Voice Alpha

on reading poetry aloud for an audience


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voice as organ of investigation

“.. to say the words over and over and then to hear yourself say them [..] is to go farther into the poem than you might have imagined was possible. Suddenly, you start to see the things between the lines and letters. Sometimes, you stop in your tracks mid-read and realize you have to start over.”

[..]

“.. with each subsequent reading, I found myself feeling the poems more as the speaker rather than an outside reader. I suppose it must be a bit like this for an actor learning a character, moving from reader to this other self that exists in the lines of the poem.

I don’t know if this is how poetry reading should be done, but it makes sense to me to think of a poem as something that is said or told as if letting the audience in on some secret rather than recited or pronounced (in the sense of pronouncement). When I read to my students, this approach seems to work best for them. They actually listen.

The best thing about this is that by the end, when I sit back and listen, I feel like I’ve come to understand the poem in a way I hadn’t before. As if now, I’ve really walked that mile in the other’s shoes.”

James Brush recently joined the ranks of volunteer readers for The Poetry Storehouse and blogged about his experience here. His experience with preparing and reading poetry aloud for an audience tracks exactly with mine. The voice truly is an organ of investigation, and one that brings you information about what you are reading that is not otherwise available to you. I think it’s related to putting the poem into the body, as it were, and making it a physical, bodily experience.

Listen to James’s Storehouse readings here and see information about all Storehouse readers here.


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thanks for reading other people’s poems!

We have added a new page to acknowledge our volunteer readers at The Poetry Storehouse. This is to gratefully acknowledge those who volunteer to provide audio for poems other than their own.

Every recording up there increases a poem’s chance of being remixed. More than one reading for a single poem is even better, in that it gives the remixer more material to choose from, since different voices and reading styles resonate differently with each remixer. And even where audio is not used in a remix, it plays a valuable role in adding depth to a remixer’s engagement with a piece.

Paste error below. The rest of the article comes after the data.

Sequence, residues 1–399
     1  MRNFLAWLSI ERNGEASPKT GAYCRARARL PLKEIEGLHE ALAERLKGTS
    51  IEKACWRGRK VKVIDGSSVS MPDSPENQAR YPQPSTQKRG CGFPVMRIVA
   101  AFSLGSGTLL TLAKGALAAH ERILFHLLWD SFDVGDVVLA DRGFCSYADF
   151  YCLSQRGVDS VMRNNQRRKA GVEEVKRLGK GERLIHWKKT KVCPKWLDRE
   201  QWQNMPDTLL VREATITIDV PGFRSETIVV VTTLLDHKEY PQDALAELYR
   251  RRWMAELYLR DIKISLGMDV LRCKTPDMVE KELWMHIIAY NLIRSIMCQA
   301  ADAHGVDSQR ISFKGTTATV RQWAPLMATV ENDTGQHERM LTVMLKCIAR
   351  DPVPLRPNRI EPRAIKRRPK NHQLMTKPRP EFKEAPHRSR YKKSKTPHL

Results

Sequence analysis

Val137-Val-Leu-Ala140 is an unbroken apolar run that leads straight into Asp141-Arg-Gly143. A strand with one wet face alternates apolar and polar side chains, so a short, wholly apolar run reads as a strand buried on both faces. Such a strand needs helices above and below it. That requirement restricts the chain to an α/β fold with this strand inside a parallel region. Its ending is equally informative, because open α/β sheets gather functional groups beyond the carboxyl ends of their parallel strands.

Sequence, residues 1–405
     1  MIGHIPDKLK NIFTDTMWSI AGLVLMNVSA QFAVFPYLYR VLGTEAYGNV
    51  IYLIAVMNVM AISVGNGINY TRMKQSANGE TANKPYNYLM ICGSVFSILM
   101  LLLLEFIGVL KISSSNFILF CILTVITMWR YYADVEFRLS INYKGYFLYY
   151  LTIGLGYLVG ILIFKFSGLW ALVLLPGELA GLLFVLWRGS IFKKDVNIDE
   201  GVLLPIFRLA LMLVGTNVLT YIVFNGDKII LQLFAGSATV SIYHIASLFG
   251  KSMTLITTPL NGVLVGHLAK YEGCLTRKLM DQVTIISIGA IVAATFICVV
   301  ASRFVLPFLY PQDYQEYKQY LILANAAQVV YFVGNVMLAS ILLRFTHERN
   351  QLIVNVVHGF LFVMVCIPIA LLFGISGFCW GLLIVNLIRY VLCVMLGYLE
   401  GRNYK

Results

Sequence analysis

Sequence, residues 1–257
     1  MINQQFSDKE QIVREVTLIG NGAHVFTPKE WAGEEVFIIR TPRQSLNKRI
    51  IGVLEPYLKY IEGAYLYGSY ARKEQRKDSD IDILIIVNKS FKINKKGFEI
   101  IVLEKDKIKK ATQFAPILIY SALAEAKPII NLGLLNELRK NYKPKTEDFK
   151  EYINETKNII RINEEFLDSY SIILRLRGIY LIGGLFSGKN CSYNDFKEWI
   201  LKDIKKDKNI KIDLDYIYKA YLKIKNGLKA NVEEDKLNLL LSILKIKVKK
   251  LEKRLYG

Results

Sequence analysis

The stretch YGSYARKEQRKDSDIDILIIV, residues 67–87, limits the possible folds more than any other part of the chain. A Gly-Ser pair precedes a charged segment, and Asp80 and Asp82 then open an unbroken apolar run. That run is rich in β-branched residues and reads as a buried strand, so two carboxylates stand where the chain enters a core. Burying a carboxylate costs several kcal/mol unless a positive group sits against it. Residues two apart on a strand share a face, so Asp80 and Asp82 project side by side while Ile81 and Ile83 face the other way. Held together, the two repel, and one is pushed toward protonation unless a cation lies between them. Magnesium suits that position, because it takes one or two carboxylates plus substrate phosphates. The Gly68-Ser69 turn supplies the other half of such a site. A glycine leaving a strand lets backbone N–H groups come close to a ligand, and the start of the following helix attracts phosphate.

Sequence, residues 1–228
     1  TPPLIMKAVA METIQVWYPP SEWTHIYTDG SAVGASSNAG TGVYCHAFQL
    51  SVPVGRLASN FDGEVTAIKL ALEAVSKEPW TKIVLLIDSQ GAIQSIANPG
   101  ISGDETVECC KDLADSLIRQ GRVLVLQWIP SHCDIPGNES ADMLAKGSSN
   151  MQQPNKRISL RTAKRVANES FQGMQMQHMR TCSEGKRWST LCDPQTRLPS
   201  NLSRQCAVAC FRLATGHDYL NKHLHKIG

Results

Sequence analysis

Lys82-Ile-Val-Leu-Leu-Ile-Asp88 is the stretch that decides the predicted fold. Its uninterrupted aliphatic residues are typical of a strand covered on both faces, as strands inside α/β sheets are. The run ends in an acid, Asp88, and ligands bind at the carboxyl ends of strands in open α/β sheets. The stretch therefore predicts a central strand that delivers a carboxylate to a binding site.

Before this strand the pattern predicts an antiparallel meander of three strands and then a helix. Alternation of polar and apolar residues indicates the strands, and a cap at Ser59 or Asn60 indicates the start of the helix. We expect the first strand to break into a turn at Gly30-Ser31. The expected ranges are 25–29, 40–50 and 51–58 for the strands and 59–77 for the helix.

If you would like to volunteer to read at The Poetry Storehouse, leave a comment below, email nic_sebastian at hotmail dot com, or just go ahead and pick a poem, make your recording and send it to Nic. Tips on getting started with audio recording here.


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Who should read at poetry readings? – handy-dandy decision-making aid

There was a great deal of discussion recently on Facebook, on the Wompo Listserv (scroll down to Mon Oct 14 at 8.44am for subject ‘Recruit actors to do the reading at poetry readings?’) and at Very Like A Whale on one of our recent posts about recruiting actors to do reading at poetry readings. In following the discussion, I realized that at the end of the day there really is no ‘right’ answer as to who should read what at poetry readings (whether in-person, audio recording, etc). It isn’t a zero-sum, either/or question and the ‘right’ answer depends on your objectives.

So, what is the purpose of the reading event? When you consider the possible range of objectives, all of us should probably be doing ‘all of the above’ when it comes to poetry reading, and preferably all in equal measure, rather than hewing to the same formula (poet reads own poems to audience) 95% of the time. So, for example, consider the following preliminary handy objective-based aid to poetry-reading decision-making: